INVASION OF SAVANNAS BY PROSOPIS TREES IN EASTERN AFRICA: EXPLORING THEIR IMPACTS ON LULC DYNAMICS, LIVELIHOODS AND IMPLICATIONS ON SOIL ORGANIC CARBON STOCKS

Mbaabu, P. R.; Schaffner, U.; Eckert, S. (2021). INVASION OF SAVANNAS BY PROSOPIS TREES IN EASTERN AFRICA: EXPLORING THEIR IMPACTS ON LULC DYNAMICS, LIVELIHOODS AND IMPLICATIONS ON SOIL ORGANIC CARBON STOCKS. The International Archives of Photogrammetry, Remote Sensing and Spatial Information Sciences, XLIII-B3-2021, pp. 335-340. International Society for Photogrammetry and Remote Sensing 10.5194/isprs-archives-XLIII-B3-2021-335-2021

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Trees of the genus Prosopis from the Americas, were introduced in Eastern Africa in the 1970s to mitigate land degradation and its associated disservices. However, over time these trees have spread and invaded valuable grasslands and croplands and consequently led to significant land use and land cover (LULC) changes and livelihood stress. Early detection of invasive species is essential for formulating effective management strategies to prevent further spread into non-invaded lands and for monitoring the outcome of management interventions. We mapped the spatio-temporal evolution and dynamics of Prosopis invasion, its impacts on LULC and livelihoods in Baringo, Kenya by applying a Random Forest classifier on Landsat satellite data over seven-year intervals from 1988 - 2016. We then linked the LULC changes to soil organic carbon (SOC) stocks that we had measured for the different LULCs and also to socio-economic data on annual costs of clearing Prosopis from farmlands. By 2016, Prosopis had invaded 18,792 ha of land, spreading at a rate of 640 ha/yr, while all other land uses and land cover declined, each by over 40% of its original coverage in 1988. Through LULC specific SOC measurements, and relating the changes to annual costs of clearing Prosopis, we found that Prosopis removal and restoration to grassland is more effective for climate change mitigation compared to Prosopis ―cultivation‖ while also avoiding trade-offs with other ecosystem services and livelihoods. Therefore, future management of this species in Kenya and Eastern Africa should be based on a more collaborative and integrated approach.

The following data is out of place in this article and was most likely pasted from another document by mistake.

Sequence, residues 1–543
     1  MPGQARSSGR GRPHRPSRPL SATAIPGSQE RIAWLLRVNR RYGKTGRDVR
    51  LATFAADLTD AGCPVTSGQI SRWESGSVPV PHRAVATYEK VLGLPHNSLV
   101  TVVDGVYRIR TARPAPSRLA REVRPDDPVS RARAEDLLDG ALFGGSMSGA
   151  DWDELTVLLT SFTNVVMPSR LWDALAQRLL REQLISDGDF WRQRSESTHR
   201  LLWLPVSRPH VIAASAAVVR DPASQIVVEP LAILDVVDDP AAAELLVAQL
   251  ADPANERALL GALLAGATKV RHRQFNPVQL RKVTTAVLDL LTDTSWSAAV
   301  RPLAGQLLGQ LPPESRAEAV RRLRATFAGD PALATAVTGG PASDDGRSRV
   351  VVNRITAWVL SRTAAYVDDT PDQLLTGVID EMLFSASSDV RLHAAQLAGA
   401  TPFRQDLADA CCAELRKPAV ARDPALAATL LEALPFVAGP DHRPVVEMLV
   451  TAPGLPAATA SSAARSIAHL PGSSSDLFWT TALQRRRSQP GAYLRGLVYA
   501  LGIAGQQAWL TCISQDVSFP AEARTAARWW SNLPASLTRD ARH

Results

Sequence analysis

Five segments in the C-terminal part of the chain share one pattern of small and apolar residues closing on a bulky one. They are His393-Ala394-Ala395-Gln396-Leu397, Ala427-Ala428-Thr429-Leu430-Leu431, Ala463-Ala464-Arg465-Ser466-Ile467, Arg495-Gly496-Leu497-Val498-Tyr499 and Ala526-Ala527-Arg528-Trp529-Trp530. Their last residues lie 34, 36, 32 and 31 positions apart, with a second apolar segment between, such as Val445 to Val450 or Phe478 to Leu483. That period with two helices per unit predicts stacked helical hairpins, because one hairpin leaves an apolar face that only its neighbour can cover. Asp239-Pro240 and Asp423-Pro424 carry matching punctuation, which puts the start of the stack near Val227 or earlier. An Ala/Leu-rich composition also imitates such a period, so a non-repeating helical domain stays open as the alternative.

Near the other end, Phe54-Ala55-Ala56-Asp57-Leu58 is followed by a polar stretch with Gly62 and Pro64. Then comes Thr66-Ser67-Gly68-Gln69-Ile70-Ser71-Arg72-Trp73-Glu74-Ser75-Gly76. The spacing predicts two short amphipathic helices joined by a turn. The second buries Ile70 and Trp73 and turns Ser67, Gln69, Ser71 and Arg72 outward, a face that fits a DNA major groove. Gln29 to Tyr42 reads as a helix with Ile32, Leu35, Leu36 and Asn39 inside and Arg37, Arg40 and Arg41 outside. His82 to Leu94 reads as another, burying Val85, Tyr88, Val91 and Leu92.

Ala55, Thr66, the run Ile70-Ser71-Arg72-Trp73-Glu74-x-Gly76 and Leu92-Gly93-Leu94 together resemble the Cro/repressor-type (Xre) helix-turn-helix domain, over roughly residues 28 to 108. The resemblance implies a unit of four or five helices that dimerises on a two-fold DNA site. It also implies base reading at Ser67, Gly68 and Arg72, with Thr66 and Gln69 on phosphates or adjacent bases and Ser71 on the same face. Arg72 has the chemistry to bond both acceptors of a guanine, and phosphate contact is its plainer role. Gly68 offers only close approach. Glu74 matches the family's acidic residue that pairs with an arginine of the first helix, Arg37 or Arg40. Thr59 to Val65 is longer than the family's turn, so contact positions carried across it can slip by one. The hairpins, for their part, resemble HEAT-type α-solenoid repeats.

Item Type:

Journal Article (Original Article)

Division/Institute:

08 Faculty of Science > Institute of Geography
10 Strategic Research Centers > Centre for Development and Environment (CDE)

UniBE Contributor:

Eckert, Sandra

ISSN:

2194-9034

Publisher:

International Society for Photogrammetry and Remote Sensing

Projects:

[1596] Woody weeds Phase II
[803] Cluster: Land Resources

Language:

English

Submitter:

Melchior Peter Nussbaumer

Date Deposited:

31 Jan 2022 09:36

Last Modified:

06 Feb 2022 01:53

Publisher DOI:

10.5194/isprs-archives-XLIII-B3-2021-335-2021

Related URLs:

Additional Information:

Volume XLIII-B3-2021

BORIS DOI:

10.48350/163936

URI:

https://boris.unibe.ch/id/eprint/163936

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